Article 272 and 271 provides:
- In contracts binding on both parties, if one of the parties does not do what he is obliged to do under the contract, the other party may, after giving notice to the obligor, require that the contract be performed or cancelled."
It shall be permissible to agree that a contract shall be regarded as being cancelled spontaneously (automatically) without the need for a judicial order failing performance of the obligations arising there out, and such agreement shall not dispense with notice unless the contracting parties have expressly agreed that should be dispensed with."
The above provisions entitle the parties to terminate by sending a notice to the other party in case of non-fulfilment of obligation in the agreement or contract out of the requirement of terminating an agreement through the conditions of Article 267 by expressly dispensing with such requirements in their agreement.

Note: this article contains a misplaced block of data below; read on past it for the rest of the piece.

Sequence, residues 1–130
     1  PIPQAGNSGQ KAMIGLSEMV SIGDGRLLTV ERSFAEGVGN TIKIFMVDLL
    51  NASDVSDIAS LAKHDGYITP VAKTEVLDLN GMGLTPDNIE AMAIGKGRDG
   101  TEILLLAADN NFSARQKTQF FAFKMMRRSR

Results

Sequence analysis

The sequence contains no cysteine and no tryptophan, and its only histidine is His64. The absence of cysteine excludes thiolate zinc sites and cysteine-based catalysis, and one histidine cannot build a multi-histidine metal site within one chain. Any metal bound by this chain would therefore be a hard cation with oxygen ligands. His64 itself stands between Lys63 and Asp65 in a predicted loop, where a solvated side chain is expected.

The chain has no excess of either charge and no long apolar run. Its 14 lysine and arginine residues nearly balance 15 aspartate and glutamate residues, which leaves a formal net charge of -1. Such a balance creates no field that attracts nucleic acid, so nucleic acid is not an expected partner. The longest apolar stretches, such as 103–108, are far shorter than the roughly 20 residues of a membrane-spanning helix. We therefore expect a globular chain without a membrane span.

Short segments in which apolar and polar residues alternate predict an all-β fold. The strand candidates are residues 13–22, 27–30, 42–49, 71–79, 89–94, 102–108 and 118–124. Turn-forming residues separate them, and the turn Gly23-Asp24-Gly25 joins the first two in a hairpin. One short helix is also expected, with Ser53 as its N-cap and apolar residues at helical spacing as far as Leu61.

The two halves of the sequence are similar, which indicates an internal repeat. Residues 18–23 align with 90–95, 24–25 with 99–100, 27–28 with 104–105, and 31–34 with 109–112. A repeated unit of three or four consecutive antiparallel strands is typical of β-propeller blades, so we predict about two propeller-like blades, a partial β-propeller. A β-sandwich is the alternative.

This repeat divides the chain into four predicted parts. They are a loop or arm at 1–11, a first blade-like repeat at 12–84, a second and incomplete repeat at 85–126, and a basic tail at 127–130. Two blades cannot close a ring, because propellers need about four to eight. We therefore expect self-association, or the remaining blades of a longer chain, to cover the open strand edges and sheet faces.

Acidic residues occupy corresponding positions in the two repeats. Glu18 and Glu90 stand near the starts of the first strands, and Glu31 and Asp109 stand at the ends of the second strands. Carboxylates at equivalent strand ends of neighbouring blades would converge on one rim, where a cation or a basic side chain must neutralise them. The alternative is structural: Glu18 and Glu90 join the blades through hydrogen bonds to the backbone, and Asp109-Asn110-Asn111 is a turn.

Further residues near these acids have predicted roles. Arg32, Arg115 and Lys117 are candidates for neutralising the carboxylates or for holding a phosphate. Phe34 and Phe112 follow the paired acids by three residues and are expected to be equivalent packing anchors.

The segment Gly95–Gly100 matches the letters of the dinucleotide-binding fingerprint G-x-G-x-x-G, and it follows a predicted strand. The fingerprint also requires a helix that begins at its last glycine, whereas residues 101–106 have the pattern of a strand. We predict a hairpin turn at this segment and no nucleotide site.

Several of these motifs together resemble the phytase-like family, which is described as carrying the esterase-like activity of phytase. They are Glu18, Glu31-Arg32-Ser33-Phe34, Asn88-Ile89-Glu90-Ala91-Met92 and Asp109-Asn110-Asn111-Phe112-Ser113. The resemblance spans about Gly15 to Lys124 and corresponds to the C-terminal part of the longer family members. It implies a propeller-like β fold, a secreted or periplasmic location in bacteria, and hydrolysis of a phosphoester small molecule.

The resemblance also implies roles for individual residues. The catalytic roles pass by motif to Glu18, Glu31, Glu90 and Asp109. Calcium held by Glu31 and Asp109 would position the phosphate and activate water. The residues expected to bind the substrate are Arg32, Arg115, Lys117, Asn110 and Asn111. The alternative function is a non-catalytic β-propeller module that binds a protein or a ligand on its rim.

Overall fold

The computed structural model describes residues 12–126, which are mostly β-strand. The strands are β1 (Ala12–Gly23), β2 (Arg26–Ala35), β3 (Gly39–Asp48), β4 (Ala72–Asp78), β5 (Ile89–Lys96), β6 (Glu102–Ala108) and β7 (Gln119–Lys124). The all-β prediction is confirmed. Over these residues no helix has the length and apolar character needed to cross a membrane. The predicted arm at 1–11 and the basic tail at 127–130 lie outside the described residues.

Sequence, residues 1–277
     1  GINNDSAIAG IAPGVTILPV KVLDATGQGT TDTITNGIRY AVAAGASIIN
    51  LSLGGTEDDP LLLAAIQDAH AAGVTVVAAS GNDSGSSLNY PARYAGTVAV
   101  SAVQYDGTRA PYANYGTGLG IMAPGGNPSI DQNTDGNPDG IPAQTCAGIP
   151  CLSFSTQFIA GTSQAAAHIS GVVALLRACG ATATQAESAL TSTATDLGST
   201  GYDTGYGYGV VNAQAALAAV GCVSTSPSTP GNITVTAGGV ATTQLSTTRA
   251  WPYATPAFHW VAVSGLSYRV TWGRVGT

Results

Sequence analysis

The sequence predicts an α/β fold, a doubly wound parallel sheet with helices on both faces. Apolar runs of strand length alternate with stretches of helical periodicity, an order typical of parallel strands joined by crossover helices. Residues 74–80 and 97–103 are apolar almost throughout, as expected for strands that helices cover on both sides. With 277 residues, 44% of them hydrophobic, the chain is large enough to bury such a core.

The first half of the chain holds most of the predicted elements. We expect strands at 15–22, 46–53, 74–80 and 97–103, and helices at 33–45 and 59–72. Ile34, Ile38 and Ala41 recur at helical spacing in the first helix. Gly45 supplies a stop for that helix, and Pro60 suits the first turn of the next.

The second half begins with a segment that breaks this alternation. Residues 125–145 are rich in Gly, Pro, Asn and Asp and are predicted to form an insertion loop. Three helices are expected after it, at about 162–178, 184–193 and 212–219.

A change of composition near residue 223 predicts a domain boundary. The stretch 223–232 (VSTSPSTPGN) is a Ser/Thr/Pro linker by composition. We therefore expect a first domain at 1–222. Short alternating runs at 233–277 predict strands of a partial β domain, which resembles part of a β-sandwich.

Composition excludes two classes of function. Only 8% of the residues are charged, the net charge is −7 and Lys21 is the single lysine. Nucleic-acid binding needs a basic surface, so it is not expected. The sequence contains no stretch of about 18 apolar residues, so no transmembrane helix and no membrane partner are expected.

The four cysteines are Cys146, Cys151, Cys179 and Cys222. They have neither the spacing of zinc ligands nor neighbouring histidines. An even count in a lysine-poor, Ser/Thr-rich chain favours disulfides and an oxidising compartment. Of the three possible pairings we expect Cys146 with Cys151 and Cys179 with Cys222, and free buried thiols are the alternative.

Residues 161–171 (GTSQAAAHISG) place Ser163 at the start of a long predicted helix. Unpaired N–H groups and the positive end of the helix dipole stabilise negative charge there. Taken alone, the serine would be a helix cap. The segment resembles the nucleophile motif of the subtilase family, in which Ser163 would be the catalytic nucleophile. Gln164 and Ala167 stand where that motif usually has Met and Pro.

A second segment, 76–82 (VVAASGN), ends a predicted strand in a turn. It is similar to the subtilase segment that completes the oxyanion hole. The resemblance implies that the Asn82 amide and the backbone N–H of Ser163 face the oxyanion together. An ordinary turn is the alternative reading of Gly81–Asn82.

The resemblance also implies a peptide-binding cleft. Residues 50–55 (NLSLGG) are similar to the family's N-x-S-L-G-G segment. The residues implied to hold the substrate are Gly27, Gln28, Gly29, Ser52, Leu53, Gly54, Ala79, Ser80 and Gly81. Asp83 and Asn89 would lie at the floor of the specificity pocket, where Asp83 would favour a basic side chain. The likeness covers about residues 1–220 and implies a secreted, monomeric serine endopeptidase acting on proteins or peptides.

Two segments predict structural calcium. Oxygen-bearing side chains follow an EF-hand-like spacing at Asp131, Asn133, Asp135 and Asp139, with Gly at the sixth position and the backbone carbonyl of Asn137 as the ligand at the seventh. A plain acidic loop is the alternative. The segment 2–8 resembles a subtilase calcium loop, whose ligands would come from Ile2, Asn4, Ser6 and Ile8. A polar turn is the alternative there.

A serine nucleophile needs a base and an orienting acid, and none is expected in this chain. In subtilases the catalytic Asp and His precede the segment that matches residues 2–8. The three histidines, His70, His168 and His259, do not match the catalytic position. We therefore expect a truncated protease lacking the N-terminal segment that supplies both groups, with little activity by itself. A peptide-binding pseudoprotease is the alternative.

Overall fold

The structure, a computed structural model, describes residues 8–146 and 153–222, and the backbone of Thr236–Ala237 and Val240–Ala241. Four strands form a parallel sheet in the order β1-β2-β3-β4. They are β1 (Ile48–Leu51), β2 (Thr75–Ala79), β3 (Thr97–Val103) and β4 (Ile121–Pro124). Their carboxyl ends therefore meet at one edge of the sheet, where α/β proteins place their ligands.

The relationship under distribution contracts is also governed by the Federal Law No. 18 of 1981 concerning the Organization of Trade Agencies (the "UAE Commercial Agency Law") which defines an agency as the "representation of the principal by an agent for the purpose of distribution, selling, display or rendering of a commodity or service in the United Arab Emirates against a commission or profit". The UAE Commercial Agency Law does not allow termination of the distribution agreement without a serious cause pursuant to Article 8 and provides for indemnification upon such termination pursuant to Article 9 of the Law. However, such agreements only get the protection of the UAE Commercial Agency Law if the Agreement is registered with the UAE Ministry of Economy (MOE).